New transport system should include bicyles

2013-09-12 00:00

WITH Pietermaritzburg planning a much-needed rapid public-transport bus system to “stitch the city together” (The Witness, September 3), this seems yet another particularly apt moment to urge planners to give very serious attention to the incorporation of the humble bicycle into their scheme for more efficient and user-friendly transport around the city.

Building bike paths to complement the bus routes would be money well-spent by the municipality on something far more useful than fixing parts of the city’s roads that are in no need of such attention.

Designing and building a network of bike paths connecting various key areas of the city, as well as safe lock-up facilities for bikes to be stored at nodal points, could be an exciting challenge for those turning their imagination to designing a new, environmentally friendly transport network.

Many might choose to cycle to their nearest bus terminus, leave their bikes in a lock-up bin there and take the bus for the rest of the journey to town or work — much as many Dutch commuters cycle to their nearest train station, lock their bike away and then board a train for the onward journey.

So, some interesting facts about international attitudes to bikes and pedal-power offer food for thought.

Many countries worldwide have recognised the wisdom of promoting bikes, probably the most efficient and environmentally friendly form of transportation invented yet, as an inexpensive and healthy alternative mode of traversing inner-city areas; one that creates no carbon emissions and improves the sustainability of city life.

There is no requirement for a licence to ride a bicycle, and a bike is much cheaper to buy and maintain than even the smallest car. Riding a bike is therapeutic for the mind and body, offering much more affordable benefits than a health club. Bikes do not cause the same amount of road wear as motor vehicles, and would reduce noise pollution to a minimum.

France, Germany, Denmark, China and some central African countries are among those promoting and facilitating the use of bikes. The average daily journey of motorcar commuting in the average city is estimated at well under 10 kilometres, making the use of bikes the obvious way to reduce carbon emissions.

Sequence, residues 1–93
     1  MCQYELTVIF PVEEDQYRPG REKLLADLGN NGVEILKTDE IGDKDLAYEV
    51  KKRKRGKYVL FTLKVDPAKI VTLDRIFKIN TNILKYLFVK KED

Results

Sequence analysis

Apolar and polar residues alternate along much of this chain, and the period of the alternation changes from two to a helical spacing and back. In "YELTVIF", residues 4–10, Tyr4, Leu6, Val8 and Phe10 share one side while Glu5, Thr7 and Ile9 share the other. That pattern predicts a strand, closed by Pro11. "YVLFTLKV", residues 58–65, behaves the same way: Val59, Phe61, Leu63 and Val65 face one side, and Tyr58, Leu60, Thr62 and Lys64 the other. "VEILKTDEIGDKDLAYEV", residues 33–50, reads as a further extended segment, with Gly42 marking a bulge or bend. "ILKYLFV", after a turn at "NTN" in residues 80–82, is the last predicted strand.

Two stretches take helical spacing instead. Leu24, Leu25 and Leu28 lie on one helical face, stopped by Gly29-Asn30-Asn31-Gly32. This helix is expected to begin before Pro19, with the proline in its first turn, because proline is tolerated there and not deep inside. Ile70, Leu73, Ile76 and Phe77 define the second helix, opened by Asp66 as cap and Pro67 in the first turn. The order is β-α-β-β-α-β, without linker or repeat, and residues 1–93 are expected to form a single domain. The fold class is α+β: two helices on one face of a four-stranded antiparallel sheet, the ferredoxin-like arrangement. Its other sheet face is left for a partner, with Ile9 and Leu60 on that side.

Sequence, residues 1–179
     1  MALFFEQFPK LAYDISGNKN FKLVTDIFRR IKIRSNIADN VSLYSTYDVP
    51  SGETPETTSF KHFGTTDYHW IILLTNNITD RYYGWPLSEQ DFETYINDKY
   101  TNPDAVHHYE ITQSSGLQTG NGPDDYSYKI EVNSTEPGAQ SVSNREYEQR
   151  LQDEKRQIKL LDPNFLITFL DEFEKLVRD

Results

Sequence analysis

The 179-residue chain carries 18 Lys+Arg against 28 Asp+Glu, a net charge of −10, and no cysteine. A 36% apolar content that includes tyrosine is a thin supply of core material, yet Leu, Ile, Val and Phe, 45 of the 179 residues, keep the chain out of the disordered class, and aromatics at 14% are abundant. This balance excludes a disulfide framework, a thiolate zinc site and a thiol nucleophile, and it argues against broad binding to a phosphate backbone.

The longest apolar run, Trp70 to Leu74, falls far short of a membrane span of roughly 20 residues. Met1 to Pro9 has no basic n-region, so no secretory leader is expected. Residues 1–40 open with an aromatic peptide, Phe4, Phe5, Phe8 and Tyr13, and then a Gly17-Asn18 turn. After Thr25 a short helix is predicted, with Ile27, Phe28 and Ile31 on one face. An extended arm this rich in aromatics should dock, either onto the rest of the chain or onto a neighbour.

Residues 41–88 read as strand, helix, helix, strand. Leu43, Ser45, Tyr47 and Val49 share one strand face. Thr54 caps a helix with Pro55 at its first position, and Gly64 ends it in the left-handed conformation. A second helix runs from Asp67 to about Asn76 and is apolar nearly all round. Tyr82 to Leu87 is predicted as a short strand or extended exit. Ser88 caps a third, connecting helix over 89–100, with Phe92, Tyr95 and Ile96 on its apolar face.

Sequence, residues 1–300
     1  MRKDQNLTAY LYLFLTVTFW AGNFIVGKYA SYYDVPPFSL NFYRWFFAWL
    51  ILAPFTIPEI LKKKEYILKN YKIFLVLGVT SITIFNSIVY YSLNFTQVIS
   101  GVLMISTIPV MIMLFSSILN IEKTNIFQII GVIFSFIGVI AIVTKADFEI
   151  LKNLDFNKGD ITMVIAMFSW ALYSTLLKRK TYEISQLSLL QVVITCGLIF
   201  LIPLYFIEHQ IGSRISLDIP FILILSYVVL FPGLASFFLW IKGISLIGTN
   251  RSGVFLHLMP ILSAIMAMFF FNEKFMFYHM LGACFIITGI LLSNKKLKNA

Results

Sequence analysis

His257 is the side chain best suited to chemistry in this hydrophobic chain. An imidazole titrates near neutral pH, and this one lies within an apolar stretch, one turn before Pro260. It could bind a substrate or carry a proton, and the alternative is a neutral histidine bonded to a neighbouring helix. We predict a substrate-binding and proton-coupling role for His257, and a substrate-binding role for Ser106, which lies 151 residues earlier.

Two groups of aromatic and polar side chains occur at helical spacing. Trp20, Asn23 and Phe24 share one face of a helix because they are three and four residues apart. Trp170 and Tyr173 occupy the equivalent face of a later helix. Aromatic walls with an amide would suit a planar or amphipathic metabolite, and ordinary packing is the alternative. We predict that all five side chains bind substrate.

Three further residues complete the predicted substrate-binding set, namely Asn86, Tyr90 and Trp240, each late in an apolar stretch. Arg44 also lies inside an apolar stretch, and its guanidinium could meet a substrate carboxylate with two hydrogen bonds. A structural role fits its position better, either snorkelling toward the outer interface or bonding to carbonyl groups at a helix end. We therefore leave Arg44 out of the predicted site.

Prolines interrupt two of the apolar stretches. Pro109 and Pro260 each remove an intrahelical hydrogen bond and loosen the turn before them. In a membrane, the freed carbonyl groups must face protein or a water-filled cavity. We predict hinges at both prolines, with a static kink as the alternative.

Estimates are that car emissions, just in France, kill up to 10 000 people every year, as well as cause numerous respiratory ailments, and that motor vehicles produce more than 30% of U.S. carbon emissions.

So it is in the interests of overall health, as well as sound economics, to develop clean, sustainable cities that highlight and promote the health of the environment.

Furthermore, it has been estimated that one car takes the road space of four to eight bicycles and requires 20 times as much space to park.

Even hugely busy cities such as Paris and London have hoards of cyclists weaving through the grid-locked traffic, frequently reaching their destinations more quickly than those waiting in the traffic.

Boris Johnson, the inimitable cycling mayor of London, has sent the infant Prince George “a bouncing blue tricycle to acculturate him to the joys of cycling”.

Many developing countries, such as in South America, have actively promoted the affordability of bikes by establishing micro-credit loan programmes to encourage workers to buy and use bikes rather than public transport, and have constructed enormously extended bike paths.

The New Internationalist (April 2013) reports that the government of Uruguay, which like South Africa is plagued by rising gun crime, has offered to give each person who hands in an illegal weapon a spanking new bicycle. Bikes for guns. What a wonderful green solution to a grizzly anti-life problem.

And another life-enhancing spin-off to this could be that those over-weight people with a sedentary lifestyle might be encouraged to exercise and get healthy.

Yet another imaginative use of pedal power offers a challenge for the many gyms in and around Maritzburg. In many gyms in the U.K. all the pedal and push power generated by exercise machines is being harnessed to produce the electricity required to run the establishment, with the cost of connecting this energy to their grid being fairly quickly recouped from the cost-free power generated. Owners of gyms might then reward clients with various incentives to use their machines.

To those planners of the new rapid-transport network, here is an additional opportunity to convert Pietermaritzburg into a bike-friendly city, which will enhance the city’s strategic importance as the capital of KwaZulu-Natal.

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